Over the past weekend Hillary Clinton pledged to end the war in Iraq if she is elected. "If we in Congress don't end this war before January 2009, as president, I will," she told a large crowd at the Democratic National Committee's winter convention in Washington.
It was the first time since announcing her candidacy that Hillary acknowledged the growing movement against the war when discussing Iraq, which faced its bloodiest period since the invasion almost four years ago with over 1,000 reported deaths in the last seven days alone. Also in attendance at the DNC meeting were other presidential hopefuls, including John Edwards and Sen. Barack Obama, who both attempted to paint themselves as the best antiwar candidate in the hunt for the White House.
The top candidates' tepid words on Iraq were a sign of what's to come over the next year and a half as their rhetorical talents are turned on high. Despite Obama's reassurance that he did not support the war from the beginning, along with Edwards' claims that he's had a change of heart on his past pro-war votes -- neither candidate distinguished their position from the Bush administration when it came to the looming Iran confrontation.
In fact two weeks earlier, while visiting Israel, Edwards laid out his position on Iran quite succinctly:
"Let me be clear: Under no circumstances can Iran be allowed to have nuclear weapons ... The vast majority of people are concerned about what is going on in Iraq. This will make the American people reticent toward going for Iran. But I think the American people are smart if they are told the truth, and if they trust their president. So Americans can be educated to come along with what needs to be done with Iran."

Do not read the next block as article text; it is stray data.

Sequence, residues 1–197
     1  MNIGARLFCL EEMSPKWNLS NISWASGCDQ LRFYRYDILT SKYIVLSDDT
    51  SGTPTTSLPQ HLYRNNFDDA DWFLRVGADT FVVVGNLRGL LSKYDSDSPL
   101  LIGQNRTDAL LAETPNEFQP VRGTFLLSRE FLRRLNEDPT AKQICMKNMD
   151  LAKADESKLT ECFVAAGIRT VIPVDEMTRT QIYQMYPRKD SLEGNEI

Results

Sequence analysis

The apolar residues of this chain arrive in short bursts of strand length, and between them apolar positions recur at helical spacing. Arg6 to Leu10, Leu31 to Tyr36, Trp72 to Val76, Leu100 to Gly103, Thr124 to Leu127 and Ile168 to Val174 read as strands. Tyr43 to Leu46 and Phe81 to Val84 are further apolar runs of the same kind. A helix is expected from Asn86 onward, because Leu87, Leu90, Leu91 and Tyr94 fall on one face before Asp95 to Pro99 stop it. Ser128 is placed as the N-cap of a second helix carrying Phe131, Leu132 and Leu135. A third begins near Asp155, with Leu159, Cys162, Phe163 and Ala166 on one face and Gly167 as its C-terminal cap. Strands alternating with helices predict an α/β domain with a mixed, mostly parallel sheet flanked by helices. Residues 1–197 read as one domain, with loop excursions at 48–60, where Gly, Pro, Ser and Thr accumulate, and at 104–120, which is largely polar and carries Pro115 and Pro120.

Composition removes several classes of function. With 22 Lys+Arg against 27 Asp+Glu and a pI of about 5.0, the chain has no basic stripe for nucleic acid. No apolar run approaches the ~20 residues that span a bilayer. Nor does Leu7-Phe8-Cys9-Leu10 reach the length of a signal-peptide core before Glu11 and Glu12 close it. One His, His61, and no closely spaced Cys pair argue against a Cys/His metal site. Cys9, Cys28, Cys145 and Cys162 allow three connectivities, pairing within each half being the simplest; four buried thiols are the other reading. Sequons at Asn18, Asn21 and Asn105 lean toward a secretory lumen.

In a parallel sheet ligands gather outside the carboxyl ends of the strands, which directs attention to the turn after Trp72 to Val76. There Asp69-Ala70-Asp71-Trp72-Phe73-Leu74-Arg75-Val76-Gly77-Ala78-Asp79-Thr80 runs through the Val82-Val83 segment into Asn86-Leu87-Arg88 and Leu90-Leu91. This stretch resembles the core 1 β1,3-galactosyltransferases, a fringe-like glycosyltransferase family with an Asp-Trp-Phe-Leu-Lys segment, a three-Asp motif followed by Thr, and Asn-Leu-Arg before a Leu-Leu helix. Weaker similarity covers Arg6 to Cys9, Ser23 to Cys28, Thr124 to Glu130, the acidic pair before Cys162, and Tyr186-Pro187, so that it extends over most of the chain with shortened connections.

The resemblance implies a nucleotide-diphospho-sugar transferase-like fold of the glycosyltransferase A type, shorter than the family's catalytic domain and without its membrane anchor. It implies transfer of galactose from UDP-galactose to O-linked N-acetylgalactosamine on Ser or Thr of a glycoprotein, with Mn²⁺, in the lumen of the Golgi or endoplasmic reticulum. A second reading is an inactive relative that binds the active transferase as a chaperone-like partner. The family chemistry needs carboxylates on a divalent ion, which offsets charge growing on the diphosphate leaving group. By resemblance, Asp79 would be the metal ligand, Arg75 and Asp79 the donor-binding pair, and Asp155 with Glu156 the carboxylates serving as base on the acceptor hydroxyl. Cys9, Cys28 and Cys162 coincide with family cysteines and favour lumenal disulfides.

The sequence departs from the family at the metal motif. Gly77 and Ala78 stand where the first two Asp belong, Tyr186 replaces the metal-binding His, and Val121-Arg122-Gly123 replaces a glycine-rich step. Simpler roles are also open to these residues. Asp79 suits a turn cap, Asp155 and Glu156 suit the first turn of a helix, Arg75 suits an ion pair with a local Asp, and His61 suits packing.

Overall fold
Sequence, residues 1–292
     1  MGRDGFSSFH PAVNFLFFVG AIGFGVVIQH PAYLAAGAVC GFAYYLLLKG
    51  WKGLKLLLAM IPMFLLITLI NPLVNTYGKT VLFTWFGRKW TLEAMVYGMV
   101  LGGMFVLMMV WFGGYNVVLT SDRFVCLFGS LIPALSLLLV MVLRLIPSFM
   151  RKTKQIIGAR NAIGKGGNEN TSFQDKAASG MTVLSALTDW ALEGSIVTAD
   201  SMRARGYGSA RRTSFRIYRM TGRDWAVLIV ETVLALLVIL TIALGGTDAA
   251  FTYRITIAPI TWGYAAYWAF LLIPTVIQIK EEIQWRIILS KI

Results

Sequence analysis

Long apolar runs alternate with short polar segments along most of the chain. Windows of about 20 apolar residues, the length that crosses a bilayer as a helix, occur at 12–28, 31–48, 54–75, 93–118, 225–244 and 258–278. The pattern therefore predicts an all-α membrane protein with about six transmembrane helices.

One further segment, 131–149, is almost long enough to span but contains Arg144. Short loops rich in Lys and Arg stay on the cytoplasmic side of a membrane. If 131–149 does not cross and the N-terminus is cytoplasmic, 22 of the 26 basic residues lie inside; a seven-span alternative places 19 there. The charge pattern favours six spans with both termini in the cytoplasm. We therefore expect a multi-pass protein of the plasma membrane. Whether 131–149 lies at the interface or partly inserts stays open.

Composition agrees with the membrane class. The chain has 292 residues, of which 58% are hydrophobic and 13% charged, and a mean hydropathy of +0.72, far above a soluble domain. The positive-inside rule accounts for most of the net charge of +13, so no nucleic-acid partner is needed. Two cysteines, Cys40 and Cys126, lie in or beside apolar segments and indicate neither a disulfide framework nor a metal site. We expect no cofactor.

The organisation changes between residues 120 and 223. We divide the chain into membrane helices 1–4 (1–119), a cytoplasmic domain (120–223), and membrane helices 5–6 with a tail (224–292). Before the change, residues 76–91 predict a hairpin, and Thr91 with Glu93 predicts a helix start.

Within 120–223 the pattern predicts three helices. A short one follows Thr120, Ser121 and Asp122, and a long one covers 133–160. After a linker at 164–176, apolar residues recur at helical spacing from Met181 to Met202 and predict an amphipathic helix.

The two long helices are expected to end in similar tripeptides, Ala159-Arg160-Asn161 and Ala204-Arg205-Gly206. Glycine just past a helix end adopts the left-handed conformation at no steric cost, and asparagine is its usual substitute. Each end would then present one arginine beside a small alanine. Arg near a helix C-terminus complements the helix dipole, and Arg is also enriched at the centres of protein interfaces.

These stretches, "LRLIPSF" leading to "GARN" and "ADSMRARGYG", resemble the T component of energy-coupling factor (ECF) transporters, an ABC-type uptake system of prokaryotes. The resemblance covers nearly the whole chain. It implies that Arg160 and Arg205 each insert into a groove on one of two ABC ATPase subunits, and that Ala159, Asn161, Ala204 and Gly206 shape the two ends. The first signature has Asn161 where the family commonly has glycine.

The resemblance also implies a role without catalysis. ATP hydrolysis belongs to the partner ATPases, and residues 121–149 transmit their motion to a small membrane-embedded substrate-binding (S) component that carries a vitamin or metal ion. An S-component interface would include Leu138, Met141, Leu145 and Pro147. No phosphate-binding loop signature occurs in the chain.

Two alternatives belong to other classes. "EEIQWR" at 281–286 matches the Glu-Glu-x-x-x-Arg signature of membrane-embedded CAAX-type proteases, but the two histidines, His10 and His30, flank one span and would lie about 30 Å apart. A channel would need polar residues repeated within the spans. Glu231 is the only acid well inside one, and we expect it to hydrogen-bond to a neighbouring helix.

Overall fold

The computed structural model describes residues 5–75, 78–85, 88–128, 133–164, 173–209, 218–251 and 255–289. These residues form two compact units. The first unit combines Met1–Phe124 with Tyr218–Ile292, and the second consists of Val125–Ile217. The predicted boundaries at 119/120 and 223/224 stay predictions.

Hillary Clinton pushed virtually the same bitter line while addressing the annual AIPAC convention held in New York City last week. "U.S. policy must be clear and unequivocal: We cannot, we should not, we must not permit Iran to build or acquire nuclear weapons,'' Clinton told the crowd of Israel supporters. "In dealing with this threat ... no option can be taken off the table.''
Barack Obama has also been upfront about how he would deal with Iran, arguing that he would not rule out the use of force and supports surgical strikes of alleged nuclear sites in the country if diplomacy (read: coercion) fails. To put it bluntly, none of the front running Democrats are opposed to Bush's dubious "war on terror" or his bullying of Iran. They support his aggression in principle but simply believe a Democratic presidency could handle the job more astutely. All put Israel first and none are going to fundamentally alter U.S. foreign policy in the Middle East.
Times like these require bravery. They require a fight. A fight against immoral and illegal policies. A fight against tyranny. A fight for freedom. Freedom from hatred. Freedom from occupation. Americans and the people of the Middle East deserve better than Hillary Clinton, John Edwards and Barack Obama. They deserve to live their lives without the threat of warfare and bloodshed. They deserve to live without fear.